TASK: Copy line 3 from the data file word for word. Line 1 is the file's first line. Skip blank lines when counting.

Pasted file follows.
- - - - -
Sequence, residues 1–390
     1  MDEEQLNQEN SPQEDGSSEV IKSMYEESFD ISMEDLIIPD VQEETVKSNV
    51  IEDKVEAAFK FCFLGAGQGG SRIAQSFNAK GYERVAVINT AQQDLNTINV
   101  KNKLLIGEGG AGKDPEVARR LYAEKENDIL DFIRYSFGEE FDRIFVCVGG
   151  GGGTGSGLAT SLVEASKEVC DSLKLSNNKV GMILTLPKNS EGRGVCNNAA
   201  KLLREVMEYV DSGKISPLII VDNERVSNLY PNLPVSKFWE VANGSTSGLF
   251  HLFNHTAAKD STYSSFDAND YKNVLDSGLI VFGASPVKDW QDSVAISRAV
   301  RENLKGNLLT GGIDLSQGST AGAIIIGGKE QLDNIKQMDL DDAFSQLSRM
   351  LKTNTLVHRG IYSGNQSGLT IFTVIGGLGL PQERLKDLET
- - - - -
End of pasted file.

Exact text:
    51  IEDKVEAAFK FCFLGAGQGG SRIAQSFNAK GYERVAVINT AQQDLNTINV